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PRPF overexpression induces drug resistance through actin cytoskeleton rearrangement and epithelial-mesenchymal transition

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Oncotarget. 2017; 8:56659-56671. https://doi.org/10.18632/oncotarget.17855

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Salman Ul Islam, Adeeb Shehzad, Jong Kyung Sonn and Young Sup Lee _


Salman Ul Islam1, Adeeb Shehzad2, Jong Kyung Sonn3 and Young Sup Lee1

1School of Life Sciences, College of Natural Sciences, Kyungpook National University, Daegu, Korea

2Department of Biomedical Engineering and Sciences, School of Mechanical and Manufacturing Engineering, National University of Sciences and Technology, Islamabad, Pakistan

3Department of Biology, College of Natural Sciences, Kyungpook National University, Daegu, Korea

Correspondence to:

Young Sup Lee, email: [email protected]

Keywords: PRPF, resveratrol, actin filament, Rho family, EMT

Received: February 08, 2017    Accepted: April 12, 2017    Published: May 15, 2017


Pre-mRNA processing factor (PRPF) 4B kinase belongs to the CDK-like kinase family, and is involved in pre-mRNA splicing, and in signal transduction. In this study, we observed that PRPF overexpression decreased the intracellular levels of reactive oxygen species, and inhibited resveratrol-induced apoptosis by activating the cell survival signaling proteins NFκB, ERK, and c-MYC in HCT116 human colon cancer cells. PRPF overexpression altered cellular morphology, and rearranged the actin cytoskeleton, by regulating the activity of Rho family proteins. Moreover, it decreased the activity of RhoA, but increased the expression of Rac1. In addition, PRPF triggered the epithelial-mesenchymal transition (EMT), and decreased the invasiveness of HCT116, PC3 human prostate, and B16-F10 melanoma cells. The loss of E-cadherin, a hallmark of EMT, was observed in HCT116 cells overexpressing PRPF. Taken together, these results indicate that PRPF blocks the apoptotic effects of resveratrol by activating cell survival signaling pathways, rearranging the actin cytoskeleton, and inducing EMT. The elucidation of the mechanisms that underlie anticancer drug resistance and the anti-apoptosis effect of PRPF may provide a therapeutic basis for inhibiting tumor growth and preventing metastasis in various cancers.


Pre-mRNA processing factor (PRPF), first identified in Schizosaccharomyces pombe, is a protein involved in pre-mRNA splicing [1]. Human PRPF encodes a 1,007-amino acid protein containing an N-terminal 340-amino acid Arg/Ser-rich domain, that is commonly found in pre-mRNA splicing factors [2]. The catalytic domain of PRPF shares homology with cyclin-dependent kinases and mitogen-activated protein kinases [3]. Mutations in PRPF result in pre-mRNA accumulation and in an impaired G1/S transition during the cell cycle [4]. Studies on PRPF have demonstrated its diverse effects on kinases, transcription factors, chromatin remodeling factors, spindle checkpoint proteins, and cancer cell growth [2, 57]. In support of a role for PRPF in pre-mRNA splicing, it has been reported that PRP6, SWAP, and PNN interact with PRPF, and PRPF was shown to be a U5 snRNP-associated kinase [8]. Moreover, PRPF was also reported to interact with BRG1 and N-CoR, two components of the nuclear hormone co-activator and co-repressor complexes. PRPF, in association with the U5 snRNP and N-CoR deacetylase complex, has been suggested to coordinate pre-mRNA splicing and the chromatin remodeling events involved in transcriptional regulation [8]. In particular, PRPF6, a member of the small ribonucleoprotein complex, was shown to promote colon cancer proliferation [9]. Recent studies reported that changes in the pattern of various alternative splicing events play prominent roles in colon cancer carcinogenesis and tumorigenesis [10-11]. Different splicing patterns have been observed for several alternative splicing events in colon cancers when compared to the patterns in normal tissues; among these, the inclusion of the Rac1 3b exon is the most noteworthy, because it specifically contributes to colon tumorigenesis through genomic instability and EMT [12-13].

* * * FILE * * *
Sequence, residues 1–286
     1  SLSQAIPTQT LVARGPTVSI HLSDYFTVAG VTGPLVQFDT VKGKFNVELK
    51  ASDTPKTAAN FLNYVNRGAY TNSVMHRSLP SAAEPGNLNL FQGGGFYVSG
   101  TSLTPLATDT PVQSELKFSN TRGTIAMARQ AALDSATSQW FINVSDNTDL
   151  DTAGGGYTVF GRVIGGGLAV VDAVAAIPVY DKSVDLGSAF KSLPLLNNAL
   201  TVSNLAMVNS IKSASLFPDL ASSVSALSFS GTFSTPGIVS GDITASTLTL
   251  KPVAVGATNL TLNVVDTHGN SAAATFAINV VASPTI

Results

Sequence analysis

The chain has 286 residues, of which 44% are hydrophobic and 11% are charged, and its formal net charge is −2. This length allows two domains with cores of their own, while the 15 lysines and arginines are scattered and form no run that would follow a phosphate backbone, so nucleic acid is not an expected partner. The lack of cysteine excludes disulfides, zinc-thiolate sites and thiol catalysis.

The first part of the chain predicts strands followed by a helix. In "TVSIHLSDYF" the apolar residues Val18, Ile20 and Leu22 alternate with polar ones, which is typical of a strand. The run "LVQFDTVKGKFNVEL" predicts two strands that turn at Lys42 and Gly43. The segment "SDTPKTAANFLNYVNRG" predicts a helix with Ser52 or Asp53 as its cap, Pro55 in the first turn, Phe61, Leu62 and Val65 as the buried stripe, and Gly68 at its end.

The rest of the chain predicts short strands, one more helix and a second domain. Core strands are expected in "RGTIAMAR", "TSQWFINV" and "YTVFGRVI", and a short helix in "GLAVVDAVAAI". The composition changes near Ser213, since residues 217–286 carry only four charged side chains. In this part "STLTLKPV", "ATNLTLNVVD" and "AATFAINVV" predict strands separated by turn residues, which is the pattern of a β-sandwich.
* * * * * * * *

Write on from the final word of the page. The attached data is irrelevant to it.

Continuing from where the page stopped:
EMT is a process by which epithelial cells lose their junctions, reorganize their cytoskeleton, and undergo cell signaling changes that define cell shape and lead to the reprogramming of gene expression [14-15]. During EMT, solid tumors gain metastatic characteristics. Various factors contribute to the development of anticancer drug resistance. However, all of these factors depend on the metastatic grade of the tumor, which can be defined by the level of differentiation and the degree of EMT [16-17]. EMT is integral to normal development. Nevertheless, its underlying processes are reactivated in fibrosis and during cancer progression. In addition, the suppression of EMT in cells can increase their sensitivity to anticancer drugs [18]. Therefore, the characterization of EMT and the identification of modulators of EMT-related molecules could potentially lead to new cancer treatments.

Previously, it was reported that PRPF is involved in reversing curcumin-induced cell death in human colon cancer cell lines [19]. PRPF also inhibited radiation-mediated cell death in colon cancer and in melanoma cells that were pre-sensitized with curcumin, possibly through the inhibition of the generation of reactive oxygen species (ROS), and the activation of the antioxidant enzyme system [20]. These studies represent a considerable attempt to elucidate the molecular mechanism of PRPF; however, its exact mode of action remains unclear. In the current study, we showed that PRPF overexpression in HCT116 cells inhibited resveratrol-induced apoptosis, and altered cell morphology, which was related to the rearrangement of the actin cytoskeleton. PRPF overexpression also inhibited RhoA activity and increased Rac1 expression, which led to anticancer drug resistance. Importantly, these findings advance our understanding of anticancer drug resistance in colon cancer.